Details for Radio Operators
Receive and transmit communications using radiotelegraph or radiotelephone equipment in accordance with government regulations. May repair equipment.
- Monitor emergency frequencies to detect distress calls and respond by dispatching emergency equipment.
- Communicate with receiving operators to exchange transmission instructions.
- Operate radio equipment to communicate with ships, aircraft, mining crews, offshore oil rigs, logging camps and other remote operations.
- Broadcast weather reports and warnings.
- Maintain station logs of messages transmitted and received for activities such as flight testing and fire locations.
- Conduct periodic equipment inspections and routine tests to ensure that operations standards are met.
- Turn controls or throw switches to activate power, adjust voice volume and modulation, and set transmitters on specified frequencies.
- Operate sound-recording equipment to record signals and preserve broadcasts for purposes such as analysis by intelligence personnel.
- Send, receive, and interpret coded messages.
- Repair radio equipment as necessary, using electronic testing equipment, hand tools, and power tools.
- Coordinate radio-related aspects of locating and contacting airplanes and ships that are missing or in distress.
- Determine and obtain bearings of sources from which signals originate, using direction-finding procedures and equipment.
- Examine and operate new equipment prior to installation to ensure that it performs properly.
- Review applicable regulations regarding radio communications, and report violations.
- Set up antennas and mobile communication units during military field exercises.
- Realistic - Realistic occupations frequently involve work activities that include practical, hands-on problems and solutions. They often deal with plants, animals, and real-world materials like wood, tools, and machinery. Many of the occupations require working outside, and do not involve a lot of paperwork or working closely with others.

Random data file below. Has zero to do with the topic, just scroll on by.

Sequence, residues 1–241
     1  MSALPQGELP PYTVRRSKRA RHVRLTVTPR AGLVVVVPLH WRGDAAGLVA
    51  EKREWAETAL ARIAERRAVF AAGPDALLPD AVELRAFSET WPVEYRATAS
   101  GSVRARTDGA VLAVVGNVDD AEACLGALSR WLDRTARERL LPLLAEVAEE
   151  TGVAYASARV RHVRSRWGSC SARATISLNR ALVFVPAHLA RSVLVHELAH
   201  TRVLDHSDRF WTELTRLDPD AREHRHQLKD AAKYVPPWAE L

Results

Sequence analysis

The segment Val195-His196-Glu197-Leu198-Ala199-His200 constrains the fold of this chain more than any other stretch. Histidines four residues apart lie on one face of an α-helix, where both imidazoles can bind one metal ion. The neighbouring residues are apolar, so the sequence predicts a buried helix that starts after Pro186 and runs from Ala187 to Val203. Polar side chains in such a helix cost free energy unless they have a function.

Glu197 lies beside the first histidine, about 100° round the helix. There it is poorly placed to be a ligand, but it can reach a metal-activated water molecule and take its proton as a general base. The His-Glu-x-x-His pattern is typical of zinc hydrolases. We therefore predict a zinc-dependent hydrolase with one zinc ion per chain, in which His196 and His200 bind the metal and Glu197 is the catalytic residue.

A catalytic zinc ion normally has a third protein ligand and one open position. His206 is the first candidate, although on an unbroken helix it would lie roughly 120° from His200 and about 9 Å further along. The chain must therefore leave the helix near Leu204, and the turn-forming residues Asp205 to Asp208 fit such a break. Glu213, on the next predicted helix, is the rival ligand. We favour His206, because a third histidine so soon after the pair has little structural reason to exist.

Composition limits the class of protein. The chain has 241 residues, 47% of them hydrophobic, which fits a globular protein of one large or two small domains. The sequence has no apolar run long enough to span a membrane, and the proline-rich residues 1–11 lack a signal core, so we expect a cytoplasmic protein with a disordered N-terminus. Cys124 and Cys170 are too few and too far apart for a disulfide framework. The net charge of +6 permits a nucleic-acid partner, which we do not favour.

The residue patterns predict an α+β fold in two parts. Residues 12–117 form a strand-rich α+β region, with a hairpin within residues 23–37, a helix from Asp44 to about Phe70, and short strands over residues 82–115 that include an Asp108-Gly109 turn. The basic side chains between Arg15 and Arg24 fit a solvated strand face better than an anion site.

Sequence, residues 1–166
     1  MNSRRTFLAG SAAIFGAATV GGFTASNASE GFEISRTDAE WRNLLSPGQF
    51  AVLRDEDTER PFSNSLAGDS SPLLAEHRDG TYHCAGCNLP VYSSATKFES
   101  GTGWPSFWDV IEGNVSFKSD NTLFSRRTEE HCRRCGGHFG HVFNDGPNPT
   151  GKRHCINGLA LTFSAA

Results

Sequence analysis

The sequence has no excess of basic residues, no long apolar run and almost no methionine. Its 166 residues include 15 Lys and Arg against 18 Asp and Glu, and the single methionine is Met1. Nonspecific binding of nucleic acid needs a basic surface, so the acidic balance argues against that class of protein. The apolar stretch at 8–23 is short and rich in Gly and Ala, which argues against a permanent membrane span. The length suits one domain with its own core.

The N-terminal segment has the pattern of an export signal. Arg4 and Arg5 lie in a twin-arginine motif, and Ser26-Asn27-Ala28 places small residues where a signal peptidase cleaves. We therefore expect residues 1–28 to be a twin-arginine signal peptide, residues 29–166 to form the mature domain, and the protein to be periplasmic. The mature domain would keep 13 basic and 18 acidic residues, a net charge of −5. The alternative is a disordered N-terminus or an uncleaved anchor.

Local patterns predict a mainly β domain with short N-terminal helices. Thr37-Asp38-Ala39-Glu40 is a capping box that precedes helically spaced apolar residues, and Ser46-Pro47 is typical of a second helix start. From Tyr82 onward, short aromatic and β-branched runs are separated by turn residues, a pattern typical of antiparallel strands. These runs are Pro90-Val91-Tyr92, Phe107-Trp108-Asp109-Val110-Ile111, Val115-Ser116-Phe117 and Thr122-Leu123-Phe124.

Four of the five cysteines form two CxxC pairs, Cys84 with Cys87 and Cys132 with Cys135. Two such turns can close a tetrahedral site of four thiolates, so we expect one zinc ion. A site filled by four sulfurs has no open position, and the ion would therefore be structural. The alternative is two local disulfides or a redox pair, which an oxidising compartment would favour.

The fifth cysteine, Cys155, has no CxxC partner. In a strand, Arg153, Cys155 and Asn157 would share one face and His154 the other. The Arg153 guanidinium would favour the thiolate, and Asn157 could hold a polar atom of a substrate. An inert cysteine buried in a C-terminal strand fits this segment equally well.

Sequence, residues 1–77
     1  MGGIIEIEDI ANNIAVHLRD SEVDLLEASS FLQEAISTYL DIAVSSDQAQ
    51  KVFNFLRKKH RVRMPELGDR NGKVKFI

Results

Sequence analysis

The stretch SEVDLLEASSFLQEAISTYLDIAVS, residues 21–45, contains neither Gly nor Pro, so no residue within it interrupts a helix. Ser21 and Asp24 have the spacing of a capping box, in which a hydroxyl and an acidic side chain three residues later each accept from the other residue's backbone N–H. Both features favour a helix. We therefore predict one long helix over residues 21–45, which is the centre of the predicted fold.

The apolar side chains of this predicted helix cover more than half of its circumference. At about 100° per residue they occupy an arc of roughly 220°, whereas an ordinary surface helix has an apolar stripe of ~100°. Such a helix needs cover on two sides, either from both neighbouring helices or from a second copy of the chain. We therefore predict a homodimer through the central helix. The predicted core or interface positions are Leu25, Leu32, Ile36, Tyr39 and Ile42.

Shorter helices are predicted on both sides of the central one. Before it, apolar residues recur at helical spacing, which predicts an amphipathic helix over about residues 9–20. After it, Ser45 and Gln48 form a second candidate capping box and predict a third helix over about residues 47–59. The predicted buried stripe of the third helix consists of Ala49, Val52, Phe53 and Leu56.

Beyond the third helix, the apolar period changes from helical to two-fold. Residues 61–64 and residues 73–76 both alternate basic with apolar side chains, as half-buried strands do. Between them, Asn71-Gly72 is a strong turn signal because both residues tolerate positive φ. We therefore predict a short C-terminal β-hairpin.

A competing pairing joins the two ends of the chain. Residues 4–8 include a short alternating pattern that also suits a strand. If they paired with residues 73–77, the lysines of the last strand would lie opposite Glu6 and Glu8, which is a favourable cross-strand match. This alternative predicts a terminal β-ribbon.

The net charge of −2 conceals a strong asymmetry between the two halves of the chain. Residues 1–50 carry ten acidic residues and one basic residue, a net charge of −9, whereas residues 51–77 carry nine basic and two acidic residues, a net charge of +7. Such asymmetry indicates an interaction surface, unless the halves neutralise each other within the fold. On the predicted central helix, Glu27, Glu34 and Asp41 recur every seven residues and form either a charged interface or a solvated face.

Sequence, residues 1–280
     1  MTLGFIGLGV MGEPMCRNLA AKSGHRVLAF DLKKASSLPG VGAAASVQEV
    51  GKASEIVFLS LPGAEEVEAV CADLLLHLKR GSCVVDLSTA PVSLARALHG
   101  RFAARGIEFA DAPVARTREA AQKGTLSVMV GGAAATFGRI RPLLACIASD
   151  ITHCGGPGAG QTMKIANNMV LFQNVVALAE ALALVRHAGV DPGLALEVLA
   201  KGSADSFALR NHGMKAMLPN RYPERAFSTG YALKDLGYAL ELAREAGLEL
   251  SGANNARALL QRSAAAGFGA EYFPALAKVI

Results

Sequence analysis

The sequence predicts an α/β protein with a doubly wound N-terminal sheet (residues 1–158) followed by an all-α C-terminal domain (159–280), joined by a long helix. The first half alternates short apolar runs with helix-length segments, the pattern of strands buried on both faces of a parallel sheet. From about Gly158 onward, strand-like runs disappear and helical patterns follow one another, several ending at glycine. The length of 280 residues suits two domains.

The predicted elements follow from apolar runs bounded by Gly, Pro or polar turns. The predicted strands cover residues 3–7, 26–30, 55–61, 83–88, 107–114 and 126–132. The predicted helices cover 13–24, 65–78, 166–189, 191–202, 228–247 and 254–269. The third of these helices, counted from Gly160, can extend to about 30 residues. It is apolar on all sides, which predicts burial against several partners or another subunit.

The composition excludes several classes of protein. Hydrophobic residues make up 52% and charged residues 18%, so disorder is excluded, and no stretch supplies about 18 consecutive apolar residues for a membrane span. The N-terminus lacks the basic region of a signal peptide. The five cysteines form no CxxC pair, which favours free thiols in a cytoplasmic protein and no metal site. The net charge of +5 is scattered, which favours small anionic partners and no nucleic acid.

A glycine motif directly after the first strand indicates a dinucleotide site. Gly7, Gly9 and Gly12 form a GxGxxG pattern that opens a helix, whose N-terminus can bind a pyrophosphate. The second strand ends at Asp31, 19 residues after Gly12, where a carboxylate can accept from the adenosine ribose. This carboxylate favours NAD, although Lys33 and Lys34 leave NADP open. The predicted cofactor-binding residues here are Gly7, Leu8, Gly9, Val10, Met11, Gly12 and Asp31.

- Conventional - Conventional occupations frequently involve following set procedures and routines. These occupations can include working with data and details more than with ideas. Usually there is a clear line of authority to follow.
Education, training, experience
- Education - Most occupations in this zone require training in vocational schools, related on-the-job experience, or an associate's degree.
- Training - Employees in these occupations usually need one or two years of training involving both on-the-job experience and informal training with experienced workers. A recognized apprenticeship program may be associated with these occupations.
- Experience - Previous work-related skill, knowledge, or experience is required for these occupations. For example, an electrician must have completed three or four years of apprenticeship or several years of vocational training, and often must have passed a licensing exam, in order to perform the job.
- Transportation - Knowledge of principles and methods for moving people or goods by air, rail, sea, or road, including the relative costs and benefits.
- Communications and Media - Knowledge of media production, communication, and dissemination techniques and methods. This includes alternative ways to inform and entertain via written, oral, and visual media.
- Public Safety and Security - Knowledge of relevant equipment, policies, procedures, and strategies to promote effective local, state, or national security operations for the protection of people, data, property, and institutions.
- Computers and Electronics - Knowledge of circuit boards, processors, chips, electronic equipment, and computer hardware and software, including applications and programming.
- Customer and Personal Service - Knowledge of principles and processes for providing customer and personal services. This includes customer needs assessment, meeting quality standards for services, and evaluation of customer satisfaction.
- Reading Comprehension - Understanding written sentences and paragraphs in work related documents.
- Active Listening - Giving full attention to what other people are saying, taking time to understand the points being made, asking questions as appropriate, and not interrupting at inappropriate times.
- Speaking - Talking to others to convey information effectively.
- Broadcast Technicians
- Nuclear Power Reactor Operators
- Police, Fire, and Ambulance Dispatchers
- Radio Mechanics
- Sound Engineering Technicians
- Telecommunications Equipment Installers and Repairers, Except Line Installers
- Telecommunications Line Installers and Repairers